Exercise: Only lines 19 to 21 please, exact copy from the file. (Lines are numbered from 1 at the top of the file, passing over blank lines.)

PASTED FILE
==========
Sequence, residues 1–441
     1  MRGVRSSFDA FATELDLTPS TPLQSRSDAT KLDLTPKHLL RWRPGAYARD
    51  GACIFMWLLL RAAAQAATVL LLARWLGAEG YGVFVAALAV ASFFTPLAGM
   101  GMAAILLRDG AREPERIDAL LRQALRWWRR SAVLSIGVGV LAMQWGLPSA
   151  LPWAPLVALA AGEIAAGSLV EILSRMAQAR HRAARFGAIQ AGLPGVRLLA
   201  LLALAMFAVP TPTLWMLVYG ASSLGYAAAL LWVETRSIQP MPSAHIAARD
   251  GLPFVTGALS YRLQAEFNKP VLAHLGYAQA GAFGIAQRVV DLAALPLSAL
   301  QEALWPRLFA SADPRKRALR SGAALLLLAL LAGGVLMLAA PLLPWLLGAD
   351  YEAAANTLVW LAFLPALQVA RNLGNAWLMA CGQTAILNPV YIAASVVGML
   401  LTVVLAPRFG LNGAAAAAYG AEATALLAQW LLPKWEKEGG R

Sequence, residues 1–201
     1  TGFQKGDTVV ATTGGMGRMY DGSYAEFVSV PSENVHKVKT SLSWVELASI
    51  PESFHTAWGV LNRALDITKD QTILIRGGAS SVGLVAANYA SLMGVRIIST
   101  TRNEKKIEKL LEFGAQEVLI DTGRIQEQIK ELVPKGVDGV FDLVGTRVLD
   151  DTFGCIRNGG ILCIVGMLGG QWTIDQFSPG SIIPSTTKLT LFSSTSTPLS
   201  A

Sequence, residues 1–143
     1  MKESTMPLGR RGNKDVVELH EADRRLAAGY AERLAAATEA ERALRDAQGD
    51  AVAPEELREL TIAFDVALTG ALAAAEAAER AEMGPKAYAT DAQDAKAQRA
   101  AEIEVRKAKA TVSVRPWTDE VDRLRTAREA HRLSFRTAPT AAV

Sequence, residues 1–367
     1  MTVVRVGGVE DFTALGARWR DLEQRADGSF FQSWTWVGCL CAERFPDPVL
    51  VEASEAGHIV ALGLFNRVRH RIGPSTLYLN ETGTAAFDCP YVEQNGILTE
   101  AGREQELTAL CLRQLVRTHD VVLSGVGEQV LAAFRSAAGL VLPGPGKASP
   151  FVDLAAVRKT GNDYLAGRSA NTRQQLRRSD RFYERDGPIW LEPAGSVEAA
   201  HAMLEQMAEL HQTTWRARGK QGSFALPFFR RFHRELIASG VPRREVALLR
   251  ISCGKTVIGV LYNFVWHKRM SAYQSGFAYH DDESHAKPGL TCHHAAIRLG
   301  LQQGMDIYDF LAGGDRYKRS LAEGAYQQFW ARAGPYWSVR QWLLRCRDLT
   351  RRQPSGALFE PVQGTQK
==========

    51  AVAPEELREL TIAFDVALTG ALAAAEAAER AEMGPKAYAT DAQDAKAQRA
   101  AEIEVRKAKA TVSVRPWTDE VDRLRTAREA HRLSFRTAPT AAV

Sequence, residues 1–367